A woman who was visiting New York has shared an emotional Facebook post about how she was shown into to the 9/11 memorial at the site of the former World Trade Center towers by a man who survived the terrorist attacks of 11 September, despite being on the 47th floor of the North Tower.
Kylee Tinney and her husband were visiting the Big Apple recently and decided to take a trip to the 9/11 museum. Once there, they got talking to a dispatch worker who explained to them that his name was Thomas Canavan.
They asked Tom where he was on that fateful morning, and to their surprise he replied: "The 47th floor of the North Tower."
When the tower collapsed, Tom was forced to crawl through a huge amount of rubble to free himself. He was badly injured, and many of his friends were dead, but he was one of only a handful of people who survived.
He spoke of what it was really like to be in the towers on that day, and to prove it, told them to find his wristwatch in the museum. Sure enough, there it was, stopped at the exact moment that the towers collapsed.
After their meeting, Kylee wrote on Facebook: "We talked for 20 minutes as if no one else were around. I asked questions, and he gladly answered.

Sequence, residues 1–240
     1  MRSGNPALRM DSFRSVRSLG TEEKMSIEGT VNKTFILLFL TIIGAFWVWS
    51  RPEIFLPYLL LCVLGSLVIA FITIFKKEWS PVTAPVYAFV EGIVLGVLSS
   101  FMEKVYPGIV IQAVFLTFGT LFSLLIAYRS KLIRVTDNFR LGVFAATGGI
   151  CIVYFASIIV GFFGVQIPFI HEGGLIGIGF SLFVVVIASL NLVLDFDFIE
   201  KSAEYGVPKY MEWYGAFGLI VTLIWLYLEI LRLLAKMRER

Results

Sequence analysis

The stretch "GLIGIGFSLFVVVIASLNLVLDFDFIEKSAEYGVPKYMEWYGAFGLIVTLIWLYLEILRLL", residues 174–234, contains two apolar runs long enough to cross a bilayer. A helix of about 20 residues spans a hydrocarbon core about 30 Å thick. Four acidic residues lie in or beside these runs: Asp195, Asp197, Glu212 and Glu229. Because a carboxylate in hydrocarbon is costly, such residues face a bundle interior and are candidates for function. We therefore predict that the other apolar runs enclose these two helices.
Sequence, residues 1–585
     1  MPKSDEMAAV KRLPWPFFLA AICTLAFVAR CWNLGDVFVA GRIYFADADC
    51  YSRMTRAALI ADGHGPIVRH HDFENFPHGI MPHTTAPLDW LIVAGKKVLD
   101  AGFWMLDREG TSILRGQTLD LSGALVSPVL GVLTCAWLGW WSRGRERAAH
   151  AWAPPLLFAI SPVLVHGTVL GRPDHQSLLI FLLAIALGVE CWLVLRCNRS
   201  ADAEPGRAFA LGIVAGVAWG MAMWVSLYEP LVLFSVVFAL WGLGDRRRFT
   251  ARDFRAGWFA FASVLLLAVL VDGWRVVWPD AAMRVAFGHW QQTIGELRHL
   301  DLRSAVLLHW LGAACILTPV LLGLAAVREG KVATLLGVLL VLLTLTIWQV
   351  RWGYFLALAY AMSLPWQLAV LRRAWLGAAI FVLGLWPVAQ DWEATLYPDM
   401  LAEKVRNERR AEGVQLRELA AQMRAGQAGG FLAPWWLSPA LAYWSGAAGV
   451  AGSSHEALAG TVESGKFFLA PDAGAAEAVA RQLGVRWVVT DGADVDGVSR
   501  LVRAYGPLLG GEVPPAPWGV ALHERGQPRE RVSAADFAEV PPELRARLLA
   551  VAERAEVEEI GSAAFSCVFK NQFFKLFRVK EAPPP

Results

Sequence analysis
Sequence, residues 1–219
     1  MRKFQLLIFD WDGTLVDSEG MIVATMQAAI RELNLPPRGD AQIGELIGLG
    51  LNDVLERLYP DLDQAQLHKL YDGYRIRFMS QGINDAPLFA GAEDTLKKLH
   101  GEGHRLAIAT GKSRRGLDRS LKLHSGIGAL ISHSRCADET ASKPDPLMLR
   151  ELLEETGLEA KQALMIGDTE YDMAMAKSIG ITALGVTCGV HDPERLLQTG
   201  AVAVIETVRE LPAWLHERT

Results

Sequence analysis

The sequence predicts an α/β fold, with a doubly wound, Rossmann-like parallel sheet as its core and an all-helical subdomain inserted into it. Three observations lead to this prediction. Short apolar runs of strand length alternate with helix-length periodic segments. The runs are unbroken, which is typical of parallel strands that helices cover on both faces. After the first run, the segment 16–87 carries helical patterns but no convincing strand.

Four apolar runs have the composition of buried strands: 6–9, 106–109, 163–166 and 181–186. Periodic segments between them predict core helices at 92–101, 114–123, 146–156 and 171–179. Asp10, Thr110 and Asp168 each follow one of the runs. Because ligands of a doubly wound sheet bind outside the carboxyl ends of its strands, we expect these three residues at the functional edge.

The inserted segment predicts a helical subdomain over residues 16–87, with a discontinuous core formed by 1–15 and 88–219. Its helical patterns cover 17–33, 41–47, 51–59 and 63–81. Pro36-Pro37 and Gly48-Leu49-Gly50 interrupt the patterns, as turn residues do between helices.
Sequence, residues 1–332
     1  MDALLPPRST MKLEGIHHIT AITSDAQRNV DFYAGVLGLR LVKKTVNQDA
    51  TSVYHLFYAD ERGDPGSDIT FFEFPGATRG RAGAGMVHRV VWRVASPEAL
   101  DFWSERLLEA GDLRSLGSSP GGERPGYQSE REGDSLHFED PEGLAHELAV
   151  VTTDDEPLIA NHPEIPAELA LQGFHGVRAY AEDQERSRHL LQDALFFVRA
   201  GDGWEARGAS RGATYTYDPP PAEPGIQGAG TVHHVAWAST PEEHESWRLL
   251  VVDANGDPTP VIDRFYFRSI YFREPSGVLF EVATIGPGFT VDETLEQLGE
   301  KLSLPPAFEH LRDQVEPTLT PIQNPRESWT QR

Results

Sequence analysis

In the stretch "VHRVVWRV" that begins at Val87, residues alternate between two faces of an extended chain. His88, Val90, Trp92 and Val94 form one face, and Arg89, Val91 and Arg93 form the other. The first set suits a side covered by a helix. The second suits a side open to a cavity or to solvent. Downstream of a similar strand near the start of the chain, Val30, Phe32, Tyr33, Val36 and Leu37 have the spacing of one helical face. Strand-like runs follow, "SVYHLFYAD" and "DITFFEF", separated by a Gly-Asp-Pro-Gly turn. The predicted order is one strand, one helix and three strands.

"One of the many things from that conversation that stuck out was that he said it's so deceiving on TV when all you see is one cloud of dust and a small hole from the plane.
"The reality you don't realise at home is that it was desks, file cabinets, chairs, staircases, elevators, and people falling down on him. The little holes in the Towers on TV from the planes were really six stories tall.
"The magnitude of this tragedy was so much more than most of us can imagine from our television screens. Something that's hard for us to comprehend."
That much is certainly true.
After their visit they found him again, and again Kylee spoke of her admiration for Tom and her amazement at what he endured.
She continued: "No one knew everything he had been through. I could only be thankful it was raining that day and I picked that particular awning to run under, or else I might have missed this happenstance and humbling conversation of fate.
"I can only hope he was equally as touched to share his story with us as we were to hear it.
"When we told him goodbye, I let him know that we would bring his story with us back to the South, which is why I felt compelled to share with you today."
She continued: "I may never see my friend Tom again, which makes me sad, but every September 11th I will fondly remember him and all of the other men and women who died and lived in the face of pure evil.
"As always, I am proud to be an American."
Featured Image Credit: Facebook/Kylee Tinney